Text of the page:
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CHICAGO (Reuters) – President-elect Barack Obama announced his top budget officials on Tuesday and promised significant spending cuts to partially offset a costly stimulus package that aims to revive the U.S. economy.

As the top two officials at the Office of Management and Budget, Peter Orszag and Rob Nabors will closely examine federal spending to cut out wasteful programs, Obama said.

“If we are going to make the investments we need, we also have to be willing to shed the spending that we don’t need,” Obama said at his second press conference in as many days.

One obvious example: Crop subsidies to farmers who make more than $2.5 million per year, Obama said.

Though he does not take office until January 20, Obama’s team of economic advisers are already working out the details of a two-year package to save or create 2.5 million jobs that could cost several hundred million dollars.

Obama himself meanwhile has dropped his former low-profile approach and spoken directly to the American people with two news conferences this week. A third Obama press appearance is scheduled for 10:45 a.m. EST Wednesday.

Bush administration officials continue to extend massive life support efforts to the ailing U.S. financial system.

The Federal Reserve on Tuesday announced a $600 billion program to buy mortgage-related debt and securities, and a $200 billion program to increase the availability of consumer debt, such as credit cards and auto loans.

Treasury Secretary Henry Paulson urged patience and said any effort will take time to work.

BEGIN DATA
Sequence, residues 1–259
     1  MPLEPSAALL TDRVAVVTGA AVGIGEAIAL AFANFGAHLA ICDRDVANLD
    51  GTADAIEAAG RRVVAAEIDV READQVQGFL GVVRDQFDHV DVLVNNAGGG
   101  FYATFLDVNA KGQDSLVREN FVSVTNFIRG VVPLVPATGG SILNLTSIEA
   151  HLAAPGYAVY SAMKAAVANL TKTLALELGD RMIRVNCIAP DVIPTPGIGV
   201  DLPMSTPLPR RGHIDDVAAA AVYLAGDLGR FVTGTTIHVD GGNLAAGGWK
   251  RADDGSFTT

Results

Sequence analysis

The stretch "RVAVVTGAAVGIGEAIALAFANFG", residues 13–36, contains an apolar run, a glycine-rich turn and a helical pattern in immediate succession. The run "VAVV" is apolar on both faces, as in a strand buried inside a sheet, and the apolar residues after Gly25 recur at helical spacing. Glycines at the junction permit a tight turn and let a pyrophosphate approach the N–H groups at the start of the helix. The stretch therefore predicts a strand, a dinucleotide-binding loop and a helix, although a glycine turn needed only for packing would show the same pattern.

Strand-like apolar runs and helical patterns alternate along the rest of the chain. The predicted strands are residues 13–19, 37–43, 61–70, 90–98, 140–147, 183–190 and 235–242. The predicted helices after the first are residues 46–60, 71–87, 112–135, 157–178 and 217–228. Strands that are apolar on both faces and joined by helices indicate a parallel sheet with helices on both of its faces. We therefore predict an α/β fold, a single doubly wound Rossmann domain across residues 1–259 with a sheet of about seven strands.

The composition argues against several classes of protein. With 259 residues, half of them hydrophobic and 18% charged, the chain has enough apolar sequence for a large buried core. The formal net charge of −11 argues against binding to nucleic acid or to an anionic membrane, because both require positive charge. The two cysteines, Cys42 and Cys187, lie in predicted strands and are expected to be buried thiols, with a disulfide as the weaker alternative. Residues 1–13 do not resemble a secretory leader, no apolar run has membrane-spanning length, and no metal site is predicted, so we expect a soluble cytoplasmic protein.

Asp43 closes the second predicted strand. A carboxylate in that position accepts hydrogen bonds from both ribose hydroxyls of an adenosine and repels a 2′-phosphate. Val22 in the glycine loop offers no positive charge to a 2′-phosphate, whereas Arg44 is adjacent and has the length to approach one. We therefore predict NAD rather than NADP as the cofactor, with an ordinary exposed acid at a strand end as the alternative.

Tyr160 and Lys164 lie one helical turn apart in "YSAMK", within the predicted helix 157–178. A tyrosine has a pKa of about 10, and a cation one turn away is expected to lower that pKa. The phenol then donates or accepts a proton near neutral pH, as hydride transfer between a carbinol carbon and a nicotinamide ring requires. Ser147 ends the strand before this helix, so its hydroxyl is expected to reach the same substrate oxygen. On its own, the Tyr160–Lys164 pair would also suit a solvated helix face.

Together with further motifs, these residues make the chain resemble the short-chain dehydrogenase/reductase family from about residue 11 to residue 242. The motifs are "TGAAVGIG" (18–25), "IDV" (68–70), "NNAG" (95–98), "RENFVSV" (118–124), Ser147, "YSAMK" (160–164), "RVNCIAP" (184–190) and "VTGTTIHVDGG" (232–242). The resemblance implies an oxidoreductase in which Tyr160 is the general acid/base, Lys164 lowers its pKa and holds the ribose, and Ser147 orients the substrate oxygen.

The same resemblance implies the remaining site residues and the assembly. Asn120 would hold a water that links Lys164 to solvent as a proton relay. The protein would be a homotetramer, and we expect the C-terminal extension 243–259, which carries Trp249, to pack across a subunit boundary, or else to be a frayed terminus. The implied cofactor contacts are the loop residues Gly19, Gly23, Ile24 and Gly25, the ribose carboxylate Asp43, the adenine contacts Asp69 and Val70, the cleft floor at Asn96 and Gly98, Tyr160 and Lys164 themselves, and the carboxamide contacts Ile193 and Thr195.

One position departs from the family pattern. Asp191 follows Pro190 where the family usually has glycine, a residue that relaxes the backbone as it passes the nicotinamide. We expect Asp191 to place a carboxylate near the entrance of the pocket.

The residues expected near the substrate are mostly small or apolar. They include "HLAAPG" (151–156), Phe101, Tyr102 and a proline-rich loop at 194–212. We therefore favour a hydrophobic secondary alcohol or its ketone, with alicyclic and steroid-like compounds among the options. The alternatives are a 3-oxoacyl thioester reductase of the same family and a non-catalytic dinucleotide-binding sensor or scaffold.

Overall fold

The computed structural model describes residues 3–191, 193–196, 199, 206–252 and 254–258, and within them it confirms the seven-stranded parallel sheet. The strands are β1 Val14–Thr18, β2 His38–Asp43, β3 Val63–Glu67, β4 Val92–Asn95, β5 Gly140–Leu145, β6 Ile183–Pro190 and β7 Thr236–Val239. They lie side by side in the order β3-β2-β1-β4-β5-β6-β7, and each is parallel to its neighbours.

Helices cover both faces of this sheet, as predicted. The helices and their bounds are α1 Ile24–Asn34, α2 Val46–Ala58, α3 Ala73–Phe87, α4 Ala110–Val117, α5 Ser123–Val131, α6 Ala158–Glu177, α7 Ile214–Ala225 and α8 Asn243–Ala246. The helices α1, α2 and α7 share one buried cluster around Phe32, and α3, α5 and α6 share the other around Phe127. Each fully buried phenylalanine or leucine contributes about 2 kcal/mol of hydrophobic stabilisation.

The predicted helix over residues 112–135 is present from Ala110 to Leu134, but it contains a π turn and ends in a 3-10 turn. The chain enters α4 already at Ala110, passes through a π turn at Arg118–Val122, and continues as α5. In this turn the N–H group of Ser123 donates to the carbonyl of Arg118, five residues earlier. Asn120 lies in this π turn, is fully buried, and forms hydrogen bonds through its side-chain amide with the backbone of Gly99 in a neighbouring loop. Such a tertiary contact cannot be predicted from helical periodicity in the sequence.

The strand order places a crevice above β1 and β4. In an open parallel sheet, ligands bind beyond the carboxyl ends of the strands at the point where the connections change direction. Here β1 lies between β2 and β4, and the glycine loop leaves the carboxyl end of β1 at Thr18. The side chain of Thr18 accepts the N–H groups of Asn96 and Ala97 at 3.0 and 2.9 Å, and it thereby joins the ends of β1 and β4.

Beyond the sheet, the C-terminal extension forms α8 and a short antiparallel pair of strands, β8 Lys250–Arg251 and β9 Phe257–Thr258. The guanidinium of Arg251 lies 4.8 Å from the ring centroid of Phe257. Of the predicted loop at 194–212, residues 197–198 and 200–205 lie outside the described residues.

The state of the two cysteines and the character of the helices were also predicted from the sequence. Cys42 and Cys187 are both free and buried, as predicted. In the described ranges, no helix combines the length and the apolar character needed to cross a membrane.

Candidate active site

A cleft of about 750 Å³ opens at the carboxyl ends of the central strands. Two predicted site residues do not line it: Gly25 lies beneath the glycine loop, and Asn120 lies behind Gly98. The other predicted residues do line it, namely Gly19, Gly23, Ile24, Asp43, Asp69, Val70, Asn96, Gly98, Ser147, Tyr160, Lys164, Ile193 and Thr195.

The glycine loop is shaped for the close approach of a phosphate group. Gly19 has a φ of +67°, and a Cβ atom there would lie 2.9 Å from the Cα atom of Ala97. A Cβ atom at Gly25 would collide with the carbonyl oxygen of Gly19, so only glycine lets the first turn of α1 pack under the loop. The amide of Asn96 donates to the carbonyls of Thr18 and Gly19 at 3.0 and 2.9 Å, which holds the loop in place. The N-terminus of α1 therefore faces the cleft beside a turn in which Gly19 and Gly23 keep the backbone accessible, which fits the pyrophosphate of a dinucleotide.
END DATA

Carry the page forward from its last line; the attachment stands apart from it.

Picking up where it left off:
Orszag now heads the Congressional Budget Office and Nabors currently serves as staff director of the House Appropriations Committee. Both previously held White House positions under President Bill Clinton.

Their announcement follows on Monday’s unveiling of New York Federal Reserve Bank President Timothy Geithner as Obama’s Treasury secretary and Lawrence Summers, a former Treasury secretary under Clinton, as director of his National Economic Council.

Obama’s aides are in contact with Bush administration officials, who said they would work closely with Geithner and other incoming officials on any new rescue plans.

The scope of the economic crisis has widened since Obama’s November 4 victory over Republican John McCain, with auto companies warning that they are short on cash, unemployment numbers rising and the government bailing out yet another gigantic financial institution, Citigroup Inc.

New figures released on Tuesday showed that the U.S. economy shrank more severely during the third quarter than previously estimated as consumers cut spending at the steepest rate in 28 years. Corporate profits and business investment fell as well.

Obama has kept a low profile until this week’s news conferences, which are intended to show the priority he places on addressing the worst economic crisis since the Great Depression.

He said on Monday he has not yet decided whether to roll back President George W. Bush’s 2001 tax cuts for the wealthy, which would provide the government with much-needed revenue, or simply allow them to expire at the end of 2010 as scheduled, a move that would avoid what would likely be a bruising fight in Congress.

Source: Reuters

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